Relational mobility and cultural differences in analytic and holistic thinking.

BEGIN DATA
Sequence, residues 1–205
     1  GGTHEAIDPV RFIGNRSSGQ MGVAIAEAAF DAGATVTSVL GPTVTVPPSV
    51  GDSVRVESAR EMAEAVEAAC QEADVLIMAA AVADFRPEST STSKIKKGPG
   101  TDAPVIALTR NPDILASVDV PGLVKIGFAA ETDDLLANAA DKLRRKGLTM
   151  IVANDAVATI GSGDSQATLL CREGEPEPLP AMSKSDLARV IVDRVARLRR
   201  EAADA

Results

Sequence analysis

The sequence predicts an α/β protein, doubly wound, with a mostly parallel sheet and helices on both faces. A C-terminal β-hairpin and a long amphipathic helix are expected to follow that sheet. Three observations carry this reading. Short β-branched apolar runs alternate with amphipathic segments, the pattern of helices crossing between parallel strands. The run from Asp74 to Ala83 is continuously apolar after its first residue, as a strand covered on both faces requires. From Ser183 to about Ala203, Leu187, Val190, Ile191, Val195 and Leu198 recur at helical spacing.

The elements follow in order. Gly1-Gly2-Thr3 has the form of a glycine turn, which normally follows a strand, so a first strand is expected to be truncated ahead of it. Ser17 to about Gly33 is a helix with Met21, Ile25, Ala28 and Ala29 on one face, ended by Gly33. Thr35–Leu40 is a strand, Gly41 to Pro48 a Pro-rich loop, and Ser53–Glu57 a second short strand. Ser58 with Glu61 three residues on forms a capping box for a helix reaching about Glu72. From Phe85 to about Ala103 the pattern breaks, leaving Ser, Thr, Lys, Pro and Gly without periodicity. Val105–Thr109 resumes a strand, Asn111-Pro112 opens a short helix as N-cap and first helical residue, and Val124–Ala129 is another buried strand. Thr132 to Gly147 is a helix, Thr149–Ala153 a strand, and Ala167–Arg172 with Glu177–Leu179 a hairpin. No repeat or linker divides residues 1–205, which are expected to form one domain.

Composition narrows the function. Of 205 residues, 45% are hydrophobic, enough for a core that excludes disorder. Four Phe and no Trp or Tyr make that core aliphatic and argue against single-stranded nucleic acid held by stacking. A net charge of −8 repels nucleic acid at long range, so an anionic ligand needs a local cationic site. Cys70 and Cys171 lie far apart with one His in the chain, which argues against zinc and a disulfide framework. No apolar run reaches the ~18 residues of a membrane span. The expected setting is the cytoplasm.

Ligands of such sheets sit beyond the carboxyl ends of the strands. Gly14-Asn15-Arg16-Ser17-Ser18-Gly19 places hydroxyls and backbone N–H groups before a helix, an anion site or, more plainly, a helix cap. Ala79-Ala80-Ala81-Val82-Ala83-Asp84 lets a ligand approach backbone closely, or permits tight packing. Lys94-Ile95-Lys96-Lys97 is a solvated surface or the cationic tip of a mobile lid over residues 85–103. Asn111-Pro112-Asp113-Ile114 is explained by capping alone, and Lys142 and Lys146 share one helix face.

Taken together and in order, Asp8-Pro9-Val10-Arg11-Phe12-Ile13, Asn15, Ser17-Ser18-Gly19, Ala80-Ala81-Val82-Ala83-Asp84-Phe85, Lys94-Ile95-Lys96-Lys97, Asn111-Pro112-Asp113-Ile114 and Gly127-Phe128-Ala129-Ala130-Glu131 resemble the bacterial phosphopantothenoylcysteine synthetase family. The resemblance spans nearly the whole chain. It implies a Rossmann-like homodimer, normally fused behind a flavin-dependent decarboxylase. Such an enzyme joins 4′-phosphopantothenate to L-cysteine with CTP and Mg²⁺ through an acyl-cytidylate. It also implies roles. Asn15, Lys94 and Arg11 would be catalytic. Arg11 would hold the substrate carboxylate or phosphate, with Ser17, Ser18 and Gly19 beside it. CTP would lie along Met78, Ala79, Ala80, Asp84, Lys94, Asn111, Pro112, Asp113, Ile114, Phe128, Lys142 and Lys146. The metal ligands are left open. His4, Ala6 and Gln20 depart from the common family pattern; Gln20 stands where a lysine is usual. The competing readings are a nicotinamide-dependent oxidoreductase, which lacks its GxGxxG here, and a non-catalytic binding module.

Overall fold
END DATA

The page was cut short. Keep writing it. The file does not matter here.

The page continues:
We hypothesized that individuals in cultures typified by lower levels of relational mobility would tend to show more attention to the surrounding social and physical context (i.e., holistic vs. analytic thinking) compared with individuals in higher mobility cultural contexts. Six studies provided support for this idea. Studies 1a and 1b showed that differences in relational mobility in cultures as diverse as the U.S., Spain, Israel, Nigeria, and Morocco predicted patterns of dispositional bias as well as holistic (vs. analytic) attention. Study 2 demonstrated that, for Americans and Japanese, relational mobility offered better predictive validity of these cognitive tendencies than related cultural constructs; moreover, Studies 1b and 2 showed that relational mobility mediated cross-cultural differences in perception and attribution. Studies 3a and 3b showed that lower relational mobility induces a weaker sense of internal locus of control and a stronger sense of external locus of control, which led to more holistic (vs. analytic) cognition. Last, Study 4 replicated these results in an experimental setting and demonstrated the causal effect of relational mobility on analytic/holistic cognition. Overall, we suggest that relational mobility may be an important socioecological factor that can help explain robust cognitive differences observed across cultures. (PsycINFO Database Record (c) 2019 APA, all rights reserved)